Output 77.4.3 S Estimates and S Diagnostics Summary
The ROBUSTREG Procedure

Parameter Estimates
Parameter   DF Estimate Standard Error 95% Confidence Limits Chi-Square Pr > ChiSq
Intercept   1 28.2858 1.0081 26.3100 30.2616 787.33 <.0001
gender F 1 0.2409 0.4114 -0.5654 1.0473 0.34 0.5581
gender M 0 0.0000 . . . . .
age_sp 1 1 -3.8956 1.4376 -6.7133 -1.0779 7.34 0.0067
age_sp 2 1 -1.8692 1.3430 -4.5014 0.7630 1.94 0.1640
age_sp 3 1 -0.8336 1.2877 -3.3574 1.6903 0.42 0.5174
age_sp 4 1 -0.2329 1.1055 -2.3997 1.9338 0.04 0.8331
age_sp 5 1 0.0055 1.6632 -3.2543 3.2652 0.00 0.9974
age_sp 6 0 0.0000 . . . . .
Scale   0 6.1715

Diagnostics Summary
Observation Type Proportion Cutoff
Outlier 0.0190 3.0000

To further compare the OLS and S outputs, the following statements plot the bmi predictions in variable age for both methods in the same graph, which is shown in Output 77.4.4:

```data out2_s;
set out_s;
if gender="F" then label="F_S  ";
if gender="M" then label="M_S  ";
run;

data out2_ols;
merge one out_ols;
if gender='F' then label='F_OLS';
if gender='M' then label='M_OLS';
keep pred bmi gender age label;
run;

data out2;
set out2_ols out2_s;
run;

proc sgplot data=out2;
series x=age y=pred/group=label;
run;
```

Output 77.4.4 OLS and S Predictions You can observe the following differences between the OLS and S predictions:

• The OLS prediction is larger

• The OLS curves have a local maximum near Then, a question remains: is the significance of the gender effect for the OLS regression due solely to the outlying observations? To tentatively answer this question, the following statements drop the observations with the top 10% of bmi values from the original data set and reapply OLS and S methods on the reduced data set:

```data three;
set one;
where bmi<38.315;
run;

proc robustreg data=three method=s seed=100;
class gender;
effect age_sp=spl(age/degree=2 knotmethod=percentiles(3));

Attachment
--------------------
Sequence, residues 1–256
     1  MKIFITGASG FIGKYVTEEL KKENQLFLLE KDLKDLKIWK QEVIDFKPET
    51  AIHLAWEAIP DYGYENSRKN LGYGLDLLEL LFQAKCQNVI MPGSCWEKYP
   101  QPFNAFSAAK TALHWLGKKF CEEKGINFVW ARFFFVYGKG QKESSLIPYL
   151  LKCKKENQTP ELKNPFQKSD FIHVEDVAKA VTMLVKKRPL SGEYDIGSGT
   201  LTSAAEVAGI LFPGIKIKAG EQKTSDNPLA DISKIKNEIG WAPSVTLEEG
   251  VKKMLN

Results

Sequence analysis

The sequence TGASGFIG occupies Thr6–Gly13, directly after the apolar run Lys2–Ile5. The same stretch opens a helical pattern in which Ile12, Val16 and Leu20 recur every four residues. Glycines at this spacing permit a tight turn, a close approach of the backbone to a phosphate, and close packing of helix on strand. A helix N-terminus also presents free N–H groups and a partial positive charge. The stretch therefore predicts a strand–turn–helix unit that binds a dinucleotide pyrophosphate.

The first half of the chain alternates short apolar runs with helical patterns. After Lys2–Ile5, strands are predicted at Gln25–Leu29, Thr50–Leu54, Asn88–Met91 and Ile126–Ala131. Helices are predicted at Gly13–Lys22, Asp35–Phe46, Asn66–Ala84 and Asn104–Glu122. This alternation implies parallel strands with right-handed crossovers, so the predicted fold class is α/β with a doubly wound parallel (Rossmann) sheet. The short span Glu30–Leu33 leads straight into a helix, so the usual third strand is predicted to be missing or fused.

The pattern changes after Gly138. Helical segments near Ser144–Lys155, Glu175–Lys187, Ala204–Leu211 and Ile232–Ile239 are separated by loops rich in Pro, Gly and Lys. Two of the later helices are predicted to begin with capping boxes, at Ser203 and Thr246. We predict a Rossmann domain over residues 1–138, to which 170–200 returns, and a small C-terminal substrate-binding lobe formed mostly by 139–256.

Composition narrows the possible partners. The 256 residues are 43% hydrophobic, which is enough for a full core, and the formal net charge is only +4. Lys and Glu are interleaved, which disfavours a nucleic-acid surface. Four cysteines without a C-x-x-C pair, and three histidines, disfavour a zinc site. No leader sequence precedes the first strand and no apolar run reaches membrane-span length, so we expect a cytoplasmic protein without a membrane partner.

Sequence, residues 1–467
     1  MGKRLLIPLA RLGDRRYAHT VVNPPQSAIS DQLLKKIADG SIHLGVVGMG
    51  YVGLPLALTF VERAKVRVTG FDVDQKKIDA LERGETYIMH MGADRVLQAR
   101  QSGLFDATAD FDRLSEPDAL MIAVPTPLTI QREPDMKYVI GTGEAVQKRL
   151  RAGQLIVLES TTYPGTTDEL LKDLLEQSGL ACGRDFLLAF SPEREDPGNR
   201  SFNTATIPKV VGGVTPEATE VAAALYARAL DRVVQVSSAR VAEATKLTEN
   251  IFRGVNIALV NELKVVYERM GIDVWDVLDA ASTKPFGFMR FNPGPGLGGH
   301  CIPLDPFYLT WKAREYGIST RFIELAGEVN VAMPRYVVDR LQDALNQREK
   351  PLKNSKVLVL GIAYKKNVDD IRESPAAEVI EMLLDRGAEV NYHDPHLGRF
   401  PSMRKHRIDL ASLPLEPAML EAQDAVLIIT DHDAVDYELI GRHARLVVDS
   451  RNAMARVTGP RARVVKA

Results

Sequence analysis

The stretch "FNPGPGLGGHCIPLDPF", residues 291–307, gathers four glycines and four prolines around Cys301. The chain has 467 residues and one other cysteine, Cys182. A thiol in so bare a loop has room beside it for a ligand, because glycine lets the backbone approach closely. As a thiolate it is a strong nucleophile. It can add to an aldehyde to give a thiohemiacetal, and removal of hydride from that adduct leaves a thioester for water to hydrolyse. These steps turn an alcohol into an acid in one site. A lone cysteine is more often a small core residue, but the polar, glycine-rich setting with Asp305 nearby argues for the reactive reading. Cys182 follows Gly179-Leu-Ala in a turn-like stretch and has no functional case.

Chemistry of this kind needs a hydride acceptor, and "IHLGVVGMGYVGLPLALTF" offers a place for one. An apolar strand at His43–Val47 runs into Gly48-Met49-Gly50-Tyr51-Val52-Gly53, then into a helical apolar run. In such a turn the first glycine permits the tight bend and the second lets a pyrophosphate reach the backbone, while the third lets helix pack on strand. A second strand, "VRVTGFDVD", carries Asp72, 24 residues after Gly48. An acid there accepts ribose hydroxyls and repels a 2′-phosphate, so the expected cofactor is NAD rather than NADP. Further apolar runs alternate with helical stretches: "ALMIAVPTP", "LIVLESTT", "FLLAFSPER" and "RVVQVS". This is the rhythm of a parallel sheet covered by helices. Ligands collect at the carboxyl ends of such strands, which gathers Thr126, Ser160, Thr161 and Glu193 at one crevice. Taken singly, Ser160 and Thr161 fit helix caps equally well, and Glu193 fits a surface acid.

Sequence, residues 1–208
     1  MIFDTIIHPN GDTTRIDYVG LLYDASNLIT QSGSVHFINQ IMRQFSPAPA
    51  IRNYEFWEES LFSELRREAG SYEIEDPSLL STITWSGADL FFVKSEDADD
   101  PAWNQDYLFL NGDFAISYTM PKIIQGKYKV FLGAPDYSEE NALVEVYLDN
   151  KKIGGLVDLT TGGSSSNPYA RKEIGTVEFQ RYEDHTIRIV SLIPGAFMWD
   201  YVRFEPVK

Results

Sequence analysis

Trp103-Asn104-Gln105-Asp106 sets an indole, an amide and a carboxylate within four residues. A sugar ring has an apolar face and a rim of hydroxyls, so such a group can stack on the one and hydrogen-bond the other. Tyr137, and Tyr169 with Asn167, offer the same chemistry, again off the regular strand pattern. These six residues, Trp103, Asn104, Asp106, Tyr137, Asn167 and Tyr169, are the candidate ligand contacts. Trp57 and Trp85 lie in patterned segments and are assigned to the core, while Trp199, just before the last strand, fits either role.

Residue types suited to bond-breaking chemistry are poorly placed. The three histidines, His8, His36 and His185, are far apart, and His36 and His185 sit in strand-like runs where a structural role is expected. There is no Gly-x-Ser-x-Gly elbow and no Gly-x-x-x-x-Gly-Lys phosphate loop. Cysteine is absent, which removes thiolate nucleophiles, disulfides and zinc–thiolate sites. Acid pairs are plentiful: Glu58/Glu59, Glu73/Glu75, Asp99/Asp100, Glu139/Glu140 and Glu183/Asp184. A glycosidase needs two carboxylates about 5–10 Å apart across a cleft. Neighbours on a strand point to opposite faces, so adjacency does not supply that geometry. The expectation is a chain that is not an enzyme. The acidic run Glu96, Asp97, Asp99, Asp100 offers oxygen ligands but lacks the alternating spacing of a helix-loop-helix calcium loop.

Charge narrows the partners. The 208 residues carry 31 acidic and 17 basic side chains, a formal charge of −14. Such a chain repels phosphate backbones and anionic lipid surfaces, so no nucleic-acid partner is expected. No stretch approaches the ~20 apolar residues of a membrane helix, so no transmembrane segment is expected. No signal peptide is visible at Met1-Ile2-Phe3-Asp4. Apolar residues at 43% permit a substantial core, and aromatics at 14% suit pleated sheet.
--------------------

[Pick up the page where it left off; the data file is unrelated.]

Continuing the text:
model bmi = gender age_sp;
output out=out_s P=pred R=res;
run;
```
```data out2_s;
set out_s;
if gender="F" then label="F_S  ";
if gender="M" then label="M_S  ";
run;

proc glmselect data=three outdesign=four;
class gender;
effect age_sp=spl(age/degree=2 knotmethod=percentiles(3));
model bmi= gender age_sp /selection=none showpvalues;
output out=out_ols P=pred R=res;
run;
```
```data out2_ols;
merge three out_ols;
if gender='F' then label='F_OLS';
if gender='M' then label='M_OLS';
keep pred bmi gender age label;
run;

data out2;
set out2_ols out2_s;
run;

proc sgplot data=out2;
series x=age y=pred/group=label;
run;
ods graphics off;
```

Output 77.4.5 S Estimates
The ROBUSTREG Procedure

Parameter Estimates
Parameter   DF Estimate Standard Error 95% Confidence Limits Chi-Square Pr > ChiSq
Intercept   1 27.6427 0.9741 25.7334 29.5520 805.23 <.0001
gender F 1 -0.2650 0.4023 -1.0535 0.5234 0.43 0.5100
gender M 0 0.0000 . . . . .
age_sp 1 1 -3.1859 1.4032 -5.9361 -0.4356 5.15 0.0232
age_sp 2 1 -1.5354 1.3051 -4.0934 1.0226 1.38 0.2394
age_sp 3 1 -0.3776 1.2499 -2.8273 2.0721 0.09 0.7626
age_sp 4 1 0.3299 1.0668 -1.7610 2.4208 0.10 0.7572
age_sp 5 1 0.0949 1.6221 -3.0845 3.2742 0.00 0.9534
age_sp 6 0 0.0000 . . . . .
Scale   0 4.9440

Output 77.4.6 OLS Estimates
The GLMSELECT Procedure
Least Squares Model (No Selection)

Parameter Estimates
Parameter DF Estimate Standard Error t Value Pr > |t|
Intercept 1 27.841568 0.780817 35.66 <.0001
gender F 1 -0.040924 0.317749 -0.13 0.8976
gender M 0 0 . . .
age_sp 1 1 -3.253964 1.121292 -2.90 0.0038
age_sp 2 1 -0.975273 1.034172 -0.94 0.3459
age_sp 3 1 -0.508979 0.999609 -0.51 0.6108
age_sp 4 1 0.089393 0.852774 0.10 0.9165
age_sp 5 1 -0.113706 1.298157 -0.09 0.9302
age_sp 6 0 0 . . .

Output 77.4.7 OLS and S Predictions on the Reduced Data Set In the reduced data set, 71 female observations and 29 male observations are dropped. Output 77.4.5 and Output 77.4.6 respectively show the refitted S and OLS parameter estimates, and Output 77.4.7 displays the fitted curves on the reduced data set. You can see that gender is no longer significant for the OLS model, and the OLS turning pattern has also disappeared, but the new S curves do not change much from the previous ones. The OLS bmi-age curves in Output 77.4.7 are closer to the S curves than to the OLS curves in Output 77.4.4. This suggests that indeed the difference between the OLS and S estimate results are due solely to the influence of the outlying observations.